Yammer breaks down Telstra's management layers

Yammer breaks down Telstra's management layers

Summary: Telstra CEO David Thodey credits social media network Yammer with breaking through 10 layers of management to get employees talking directly to him.

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Enterprise social network application Yammer has "transformed" Telstra and created much more personality in the company, according to CEO David Thodey.

yammer-breaks-down-telstras-management-layers
(Image: Telstra)

Thodey made the comments in a speech to the Trans Tasman Business Circle in Sydney today. He said he was initially hesitant to use the service, which has been around since 2008, but within eight months, Telstra had more than 20,000 users on the internal Yammer network, with frank conversations with the CEO about what products do and don't work within Telstra.

"It has solicited a degree of honesty and openness. There's occasionally a little bit of stuff that comes out, but I tell you I never jump in. It's self-managing, because other people jump in," he said.

Telstra is now the eighth-largest user of Yammer in the world, and the second in the list of companies most engaged on the network. Thodey said that Yammer transformed the company, and created more personality within Telstra.

"It's been, I think, the biggest change in Telstra in terms of breaking down all 10 layers of management and thinking that David Thodey is Mr Thodey. I'm not Mr Thodey, I'm David Thodey."

Yammer was purchased by Microsoft in June 2012 for US$1.2 billion.

Thodey's speech focused largely on the increasing power of the customer, which follows in the footsteps of speeches on shifting the focus to customers by rival CEOs at both Optus and Vodafone.

While the Australian government is heavily focused on the idea of moving further into Asia, in what is termed the Asian Century, Thodey said he believes the focus should be more on the customer.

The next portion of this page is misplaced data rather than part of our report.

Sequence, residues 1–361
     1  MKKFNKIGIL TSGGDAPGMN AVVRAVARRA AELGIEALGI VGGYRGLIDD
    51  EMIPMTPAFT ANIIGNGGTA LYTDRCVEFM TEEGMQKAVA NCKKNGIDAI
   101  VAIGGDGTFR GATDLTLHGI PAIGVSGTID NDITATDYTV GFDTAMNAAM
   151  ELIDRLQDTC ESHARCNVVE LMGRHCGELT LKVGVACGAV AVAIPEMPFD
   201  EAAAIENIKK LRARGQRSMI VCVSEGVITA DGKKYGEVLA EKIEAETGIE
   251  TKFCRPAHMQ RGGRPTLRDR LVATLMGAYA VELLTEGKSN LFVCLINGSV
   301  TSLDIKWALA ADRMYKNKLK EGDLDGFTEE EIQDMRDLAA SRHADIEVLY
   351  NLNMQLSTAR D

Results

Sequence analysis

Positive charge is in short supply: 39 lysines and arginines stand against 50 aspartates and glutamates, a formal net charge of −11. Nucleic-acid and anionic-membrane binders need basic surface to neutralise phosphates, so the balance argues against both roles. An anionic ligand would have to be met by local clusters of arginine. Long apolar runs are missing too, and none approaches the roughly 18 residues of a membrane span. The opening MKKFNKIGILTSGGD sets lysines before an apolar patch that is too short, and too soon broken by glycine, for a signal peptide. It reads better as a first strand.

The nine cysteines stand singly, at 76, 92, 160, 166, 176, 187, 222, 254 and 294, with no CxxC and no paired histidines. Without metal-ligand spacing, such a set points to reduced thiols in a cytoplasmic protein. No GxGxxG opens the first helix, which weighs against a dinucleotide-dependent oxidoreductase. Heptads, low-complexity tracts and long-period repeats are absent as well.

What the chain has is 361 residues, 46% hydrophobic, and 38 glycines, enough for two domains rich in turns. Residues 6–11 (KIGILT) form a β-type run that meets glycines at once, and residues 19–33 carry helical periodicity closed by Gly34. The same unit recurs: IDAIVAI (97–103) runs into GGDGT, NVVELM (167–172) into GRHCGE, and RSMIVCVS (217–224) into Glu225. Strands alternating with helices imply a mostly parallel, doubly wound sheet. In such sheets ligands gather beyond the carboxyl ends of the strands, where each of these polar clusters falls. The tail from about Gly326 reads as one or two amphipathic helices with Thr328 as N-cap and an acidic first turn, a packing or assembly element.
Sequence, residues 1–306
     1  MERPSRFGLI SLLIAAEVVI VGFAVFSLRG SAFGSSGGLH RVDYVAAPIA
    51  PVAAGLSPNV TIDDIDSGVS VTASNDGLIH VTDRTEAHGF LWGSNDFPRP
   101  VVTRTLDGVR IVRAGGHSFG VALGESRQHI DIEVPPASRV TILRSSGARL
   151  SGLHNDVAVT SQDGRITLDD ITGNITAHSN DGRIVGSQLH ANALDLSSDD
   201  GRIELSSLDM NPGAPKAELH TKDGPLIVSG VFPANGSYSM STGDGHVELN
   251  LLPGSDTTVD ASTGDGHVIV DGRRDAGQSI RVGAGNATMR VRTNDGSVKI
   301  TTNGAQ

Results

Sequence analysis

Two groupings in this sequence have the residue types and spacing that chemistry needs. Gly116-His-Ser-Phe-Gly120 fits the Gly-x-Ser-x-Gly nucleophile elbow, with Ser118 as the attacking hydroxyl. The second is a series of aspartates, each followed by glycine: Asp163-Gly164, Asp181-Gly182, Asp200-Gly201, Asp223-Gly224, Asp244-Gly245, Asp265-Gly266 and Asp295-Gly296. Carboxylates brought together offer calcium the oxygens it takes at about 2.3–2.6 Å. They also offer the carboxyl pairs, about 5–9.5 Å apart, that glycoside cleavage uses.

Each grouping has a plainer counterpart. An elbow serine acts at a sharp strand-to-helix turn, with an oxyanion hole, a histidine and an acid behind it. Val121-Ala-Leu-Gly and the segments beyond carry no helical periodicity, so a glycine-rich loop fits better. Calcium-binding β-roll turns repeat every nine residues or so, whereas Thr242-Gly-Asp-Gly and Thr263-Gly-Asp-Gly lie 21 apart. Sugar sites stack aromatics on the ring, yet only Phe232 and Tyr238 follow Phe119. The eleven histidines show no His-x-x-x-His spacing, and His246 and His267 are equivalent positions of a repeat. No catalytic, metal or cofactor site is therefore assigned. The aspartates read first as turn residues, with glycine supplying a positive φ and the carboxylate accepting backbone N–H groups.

"I think this is the century of the consumer, and those who do not respond will get left behind," he said.

As with Optus and Vodafone, he said this requires companies to completely change their culture.

"If you don't create a culture of service in your business, and you really don't redefine processes, and really get in and do the hard boring stuff, all of this means nothing. You can't gloss it over with a bit of digital fun; you need to get into the core of your business."

He said customers are not interested in how difficult it is for a company to serve them.

"All they are interested in is getting served and getting a rich experience," he said. "We've got to make it so easy for the customer they just say thank you."

He said it is difficult to get customer service at the forefront of what a company does, because people are already trained to do other things. However, he said that it was a cultural change, and highlighted the work Commonwealth Bank had done in this area.

"They've really kept at it and at it, and have really created a different business out of it."

Thodey said his ultimate goal as CEO is to turn Telstra from an incumbent operator to a company Australia is proud of.

Topics: Telcos, Microsoft, Telstra

About

Armed with a degree in Computer Science and a Masters in Journalism, Josh keeps a close eye on the telecommunications industry, the National Broadband Network, and all the goings on in government IT.

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